An unprecedented number of cattle herds in South Dakota and North Dakota died due to anthrax during the summer of 2005. South Dakota State University Extension Veterinarian Russ Daly recommends vaccinating herds before turning cows and bulls out to summer pastures.
Climatic and pasture conditions such as hot, humid weather, excessive pasture flooding, and excessive drought are all conditions associated with anthrax outbreaks in the past. Such conditions are favorable for the exposure of grazing animals to anthrax spores, which may remain viable in the soil for many years.
"Fortunately, anthrax is a disease for which there is an effective vaccine that may be used to help decrease death losses," Daly says.
For maximum immunity, cows and calves should ideally be vaccinated at least four weeks prior to the time the disease usually appears, although protective immunity will usually develop in eight to ten days. Immunity from vaccination is considered to last for at least six months and possibly up to one year.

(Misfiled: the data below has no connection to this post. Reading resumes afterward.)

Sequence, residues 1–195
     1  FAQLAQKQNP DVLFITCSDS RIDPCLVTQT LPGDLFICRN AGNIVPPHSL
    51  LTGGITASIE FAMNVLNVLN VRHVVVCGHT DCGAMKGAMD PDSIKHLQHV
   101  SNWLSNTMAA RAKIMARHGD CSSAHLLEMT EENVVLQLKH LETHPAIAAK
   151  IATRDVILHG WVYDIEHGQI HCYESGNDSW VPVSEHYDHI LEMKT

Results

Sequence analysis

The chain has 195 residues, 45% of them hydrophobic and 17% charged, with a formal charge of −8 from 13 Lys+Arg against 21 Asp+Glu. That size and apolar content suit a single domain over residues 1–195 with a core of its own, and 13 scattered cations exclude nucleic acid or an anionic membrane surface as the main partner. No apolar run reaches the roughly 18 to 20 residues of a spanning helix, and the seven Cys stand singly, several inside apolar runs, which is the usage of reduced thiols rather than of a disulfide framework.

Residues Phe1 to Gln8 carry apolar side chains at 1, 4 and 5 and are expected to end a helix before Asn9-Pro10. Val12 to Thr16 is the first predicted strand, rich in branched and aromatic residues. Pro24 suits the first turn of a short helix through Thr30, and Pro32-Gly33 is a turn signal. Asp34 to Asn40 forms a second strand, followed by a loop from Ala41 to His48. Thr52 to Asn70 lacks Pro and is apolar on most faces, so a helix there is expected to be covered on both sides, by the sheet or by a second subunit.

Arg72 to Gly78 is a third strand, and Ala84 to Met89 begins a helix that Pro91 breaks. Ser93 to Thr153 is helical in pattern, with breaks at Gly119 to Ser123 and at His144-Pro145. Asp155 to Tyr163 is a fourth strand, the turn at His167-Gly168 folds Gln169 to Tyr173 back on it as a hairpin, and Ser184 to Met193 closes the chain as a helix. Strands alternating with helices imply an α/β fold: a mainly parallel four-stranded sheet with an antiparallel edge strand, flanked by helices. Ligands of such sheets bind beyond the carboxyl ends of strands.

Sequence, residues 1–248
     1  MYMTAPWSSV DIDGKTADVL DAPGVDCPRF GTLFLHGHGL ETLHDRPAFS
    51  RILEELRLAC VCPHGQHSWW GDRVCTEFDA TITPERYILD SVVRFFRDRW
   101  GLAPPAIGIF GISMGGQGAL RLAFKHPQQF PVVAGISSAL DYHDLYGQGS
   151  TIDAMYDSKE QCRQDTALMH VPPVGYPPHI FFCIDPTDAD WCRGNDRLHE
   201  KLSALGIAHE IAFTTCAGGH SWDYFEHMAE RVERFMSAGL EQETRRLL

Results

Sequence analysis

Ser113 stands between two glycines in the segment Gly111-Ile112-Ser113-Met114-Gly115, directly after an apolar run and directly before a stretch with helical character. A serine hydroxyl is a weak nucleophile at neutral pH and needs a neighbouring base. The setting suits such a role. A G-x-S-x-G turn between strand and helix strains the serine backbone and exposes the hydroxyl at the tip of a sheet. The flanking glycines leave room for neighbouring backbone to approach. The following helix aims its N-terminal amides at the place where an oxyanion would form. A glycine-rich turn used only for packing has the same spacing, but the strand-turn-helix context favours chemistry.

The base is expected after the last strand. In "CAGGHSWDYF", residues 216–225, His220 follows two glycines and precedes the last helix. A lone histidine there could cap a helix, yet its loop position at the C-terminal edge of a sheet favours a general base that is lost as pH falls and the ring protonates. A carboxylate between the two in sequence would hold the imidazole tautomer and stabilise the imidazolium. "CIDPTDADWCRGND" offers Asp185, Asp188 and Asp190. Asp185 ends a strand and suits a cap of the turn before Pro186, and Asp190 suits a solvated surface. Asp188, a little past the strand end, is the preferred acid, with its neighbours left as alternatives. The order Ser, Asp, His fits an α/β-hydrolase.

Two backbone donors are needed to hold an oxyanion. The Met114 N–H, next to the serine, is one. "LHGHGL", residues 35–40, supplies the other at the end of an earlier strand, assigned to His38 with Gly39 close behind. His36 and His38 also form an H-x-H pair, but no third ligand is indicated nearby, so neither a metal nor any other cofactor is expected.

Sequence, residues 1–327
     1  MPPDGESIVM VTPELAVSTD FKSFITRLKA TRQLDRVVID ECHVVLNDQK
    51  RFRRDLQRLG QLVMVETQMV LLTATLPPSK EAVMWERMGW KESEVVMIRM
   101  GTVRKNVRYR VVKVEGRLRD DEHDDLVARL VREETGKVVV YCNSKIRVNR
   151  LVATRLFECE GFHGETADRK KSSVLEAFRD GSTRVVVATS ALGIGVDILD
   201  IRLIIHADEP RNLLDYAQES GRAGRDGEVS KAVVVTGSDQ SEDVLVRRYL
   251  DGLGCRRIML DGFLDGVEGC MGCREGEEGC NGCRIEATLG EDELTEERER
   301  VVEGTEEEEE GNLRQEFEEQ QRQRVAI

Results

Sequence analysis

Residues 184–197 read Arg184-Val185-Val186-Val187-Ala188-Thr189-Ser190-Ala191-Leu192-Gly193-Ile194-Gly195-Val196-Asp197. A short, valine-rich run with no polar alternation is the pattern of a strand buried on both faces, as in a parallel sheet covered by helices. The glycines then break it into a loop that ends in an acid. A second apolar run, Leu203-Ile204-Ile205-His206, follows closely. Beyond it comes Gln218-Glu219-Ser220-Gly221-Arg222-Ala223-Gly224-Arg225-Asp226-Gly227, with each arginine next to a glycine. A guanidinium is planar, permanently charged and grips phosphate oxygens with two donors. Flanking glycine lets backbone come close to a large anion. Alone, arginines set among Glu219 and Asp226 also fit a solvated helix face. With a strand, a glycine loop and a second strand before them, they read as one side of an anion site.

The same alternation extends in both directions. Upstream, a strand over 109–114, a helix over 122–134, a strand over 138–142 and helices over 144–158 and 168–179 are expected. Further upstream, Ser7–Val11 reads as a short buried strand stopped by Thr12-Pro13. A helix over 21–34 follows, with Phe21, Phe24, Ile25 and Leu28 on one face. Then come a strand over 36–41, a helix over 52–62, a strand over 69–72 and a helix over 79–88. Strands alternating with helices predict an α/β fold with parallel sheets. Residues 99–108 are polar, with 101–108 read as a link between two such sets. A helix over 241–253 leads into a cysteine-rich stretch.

In last year's anthrax outbreak in South Dakota, the first cases were noted in mid- to late July. Numbers of cases were highest in late July and early August, and remained steady through most of the month of August. Considering these factors, vaccinating cattle going to summer pasture beginning now should be an optimal time to maximize protection from anthrax throughout the grazing season.
"Over the years, many thousands of doses of anthrax vaccine have been used in South Dakota cattle herds. It has been a safe, effective, and relatively inexpensive product. Producers should contact their veterinarian for advice on administering the vaccine," Daly says.
Producers suspecting cases of anthrax on their pastures should immediately contact their veterinarian for proper diagnosis and advice.
For more information about anthrax, click HERE.